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Many of us who graduate from Bible College are quite young. I often preached as a student minister (going through Bible College) or as an assistant minister (after Bible College) while I was still in my twenties. Many folk I preached to were two or three times my age. They could have been my parents or even my grandparents! How could I have the gall to tell my grandmother how to suck eggs?! Surely the people I was speaking to had far more life experience than I did. How could I tell them how to live?
A favourite verse for us young graduates no doubt is 1 Timothy 4:12, which says: “Let no one despise you for your youth, but set the believers an example in speech, in conduct, in love, in faith, in purity.” Yes, comforting words: “Let no one despise you for your youth”! Timothy was young. Paul was aware of the problem. He asked Timothy not to let it trouble him, and not to let any one else trouble him over it. Timothy was to set an example in godliness and get on with his job as a pastor. But how can Paul say this? How can someone in their twenties teach folk in their eighties how to live?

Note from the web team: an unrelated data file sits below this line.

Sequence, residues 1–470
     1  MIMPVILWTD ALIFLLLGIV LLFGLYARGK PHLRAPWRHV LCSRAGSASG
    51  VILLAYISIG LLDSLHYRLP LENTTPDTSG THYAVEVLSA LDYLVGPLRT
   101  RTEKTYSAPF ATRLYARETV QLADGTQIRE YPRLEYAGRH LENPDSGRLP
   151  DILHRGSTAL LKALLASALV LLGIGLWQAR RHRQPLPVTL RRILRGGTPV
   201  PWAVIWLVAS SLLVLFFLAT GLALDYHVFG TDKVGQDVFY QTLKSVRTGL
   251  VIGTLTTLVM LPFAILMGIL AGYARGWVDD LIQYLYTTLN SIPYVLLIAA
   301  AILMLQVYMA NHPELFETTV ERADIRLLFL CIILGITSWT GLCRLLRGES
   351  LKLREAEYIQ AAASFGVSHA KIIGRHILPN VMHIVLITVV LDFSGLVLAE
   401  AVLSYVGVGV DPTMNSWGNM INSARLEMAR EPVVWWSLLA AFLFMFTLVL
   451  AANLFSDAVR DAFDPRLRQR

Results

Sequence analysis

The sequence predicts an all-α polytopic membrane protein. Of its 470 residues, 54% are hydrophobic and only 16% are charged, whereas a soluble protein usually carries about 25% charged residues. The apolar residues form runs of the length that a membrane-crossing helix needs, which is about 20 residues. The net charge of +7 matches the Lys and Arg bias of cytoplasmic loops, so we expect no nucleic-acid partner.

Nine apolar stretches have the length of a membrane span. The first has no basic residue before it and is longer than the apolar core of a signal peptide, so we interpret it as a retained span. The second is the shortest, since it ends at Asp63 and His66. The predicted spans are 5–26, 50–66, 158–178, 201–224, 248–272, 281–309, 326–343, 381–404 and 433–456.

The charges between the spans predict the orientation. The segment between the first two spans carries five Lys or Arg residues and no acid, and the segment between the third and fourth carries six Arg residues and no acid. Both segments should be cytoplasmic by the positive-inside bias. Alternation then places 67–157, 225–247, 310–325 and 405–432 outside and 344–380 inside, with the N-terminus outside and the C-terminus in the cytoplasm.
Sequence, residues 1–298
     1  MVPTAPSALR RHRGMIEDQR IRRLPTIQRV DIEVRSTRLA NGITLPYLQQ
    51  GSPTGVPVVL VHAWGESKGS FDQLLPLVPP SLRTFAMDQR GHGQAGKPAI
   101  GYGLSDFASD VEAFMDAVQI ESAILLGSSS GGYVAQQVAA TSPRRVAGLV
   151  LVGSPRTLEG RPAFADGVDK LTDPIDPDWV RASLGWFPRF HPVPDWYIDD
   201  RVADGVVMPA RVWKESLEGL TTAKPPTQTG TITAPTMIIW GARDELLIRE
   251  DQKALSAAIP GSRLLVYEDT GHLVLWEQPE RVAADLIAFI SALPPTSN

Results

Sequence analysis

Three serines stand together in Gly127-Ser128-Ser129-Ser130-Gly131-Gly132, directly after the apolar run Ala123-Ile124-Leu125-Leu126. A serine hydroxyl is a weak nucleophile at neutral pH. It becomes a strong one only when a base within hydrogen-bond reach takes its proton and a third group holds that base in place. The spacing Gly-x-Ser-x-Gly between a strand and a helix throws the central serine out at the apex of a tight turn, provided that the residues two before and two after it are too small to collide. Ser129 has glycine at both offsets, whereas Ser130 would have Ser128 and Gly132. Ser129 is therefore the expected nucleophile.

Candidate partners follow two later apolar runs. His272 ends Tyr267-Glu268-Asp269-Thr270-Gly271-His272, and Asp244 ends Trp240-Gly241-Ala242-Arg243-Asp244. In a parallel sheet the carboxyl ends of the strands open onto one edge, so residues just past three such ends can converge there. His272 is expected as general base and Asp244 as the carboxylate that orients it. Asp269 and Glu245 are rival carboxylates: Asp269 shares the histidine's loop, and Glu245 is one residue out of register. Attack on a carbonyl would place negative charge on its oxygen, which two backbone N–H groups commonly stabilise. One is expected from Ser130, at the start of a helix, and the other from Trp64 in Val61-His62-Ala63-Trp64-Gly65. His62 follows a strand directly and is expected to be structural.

The following verse gives us an important clue: “Until I come devote yourself to the public reading of Scripture, to exhortation, to teaching.” Timothy’s job was to teach the Bible. His job was not to teach what he knew about life from his limited life experience. His job was not to give his own personal opinions about life. His job was to teach the Bible. Our authority under which we all sit as Christians is the Bible. When we listen to a pastor teach, we are listening to the Word of God, not his life experience. Therefore there is no problem at all in having a pastor who is in his twenties.
If a young pastor can teach the Bible well, we must not despise his youth. We must listen carefully to the Word of God, accept it as it is – the words of the living God, and obey it.
Great point, Martin. If someone preaches the Bible and not life experience, age is barely an issue.
However it’s also important I feel for leaders to bring life experience into their teaching as it helps with application and the audience connecting with the speaker. I think a leader is more effective in his/her teaching when they are able to periodically highlight examples in their life.
Clearly though, the teaching as you said it Martin, has it’s authority grounded in scripture, and as a result is timeless.